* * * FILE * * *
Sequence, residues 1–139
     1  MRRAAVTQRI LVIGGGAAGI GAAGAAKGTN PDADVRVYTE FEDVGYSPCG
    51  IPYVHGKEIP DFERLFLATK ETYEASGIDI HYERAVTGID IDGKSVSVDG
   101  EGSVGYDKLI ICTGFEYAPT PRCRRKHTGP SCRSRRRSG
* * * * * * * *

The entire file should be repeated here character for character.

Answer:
Sequence, residues 1–139
     1  MRRAAVTQRI LVIGGGAAGI GAAGAAKGTN PDADVRVYTE FEDVGYSPCG
    51  IPYVHGKEIP DFERLFLATK ETYEASGIDI HYERAVTGID IDGKSVSVDG
   101  EGSVGYDKLI ICTGFEYAPT PRCRRKHTGP SCRSRRRSG